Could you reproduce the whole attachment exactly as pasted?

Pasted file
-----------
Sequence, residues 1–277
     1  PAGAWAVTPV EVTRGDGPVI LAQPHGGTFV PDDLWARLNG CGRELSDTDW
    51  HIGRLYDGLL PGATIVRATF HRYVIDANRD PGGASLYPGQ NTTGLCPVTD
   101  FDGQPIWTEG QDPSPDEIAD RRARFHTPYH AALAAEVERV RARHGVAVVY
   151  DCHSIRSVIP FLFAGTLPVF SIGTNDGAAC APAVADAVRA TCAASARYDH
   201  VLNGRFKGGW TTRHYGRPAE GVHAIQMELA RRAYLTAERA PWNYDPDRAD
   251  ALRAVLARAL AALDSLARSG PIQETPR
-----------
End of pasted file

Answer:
Sequence, residues 1–277
     1  PAGAWAVTPV EVTRGDGPVI LAQPHGGTFV PDDLWARLNG CGRELSDTDW
    51  HIGRLYDGLL PGATIVRATF HRYVIDANRD PGGASLYPGQ NTTGLCPVTD
   101  FDGQPIWTEG QDPSPDEIAD RRARFHTPYH AALAAEVERV RARHGVAVVY
   151  DCHSIRSVIP FLFAGTLPVF SIGTNDGAAC APAVADAVRA TCAASARYDH
   201  VLNGRFKGGW TTRHYGRPAE GVHAIQMELA RRAYLTAERA PWNYDPDRAD
   251  ALRAVLARAL AALDSLARSG PIQETPR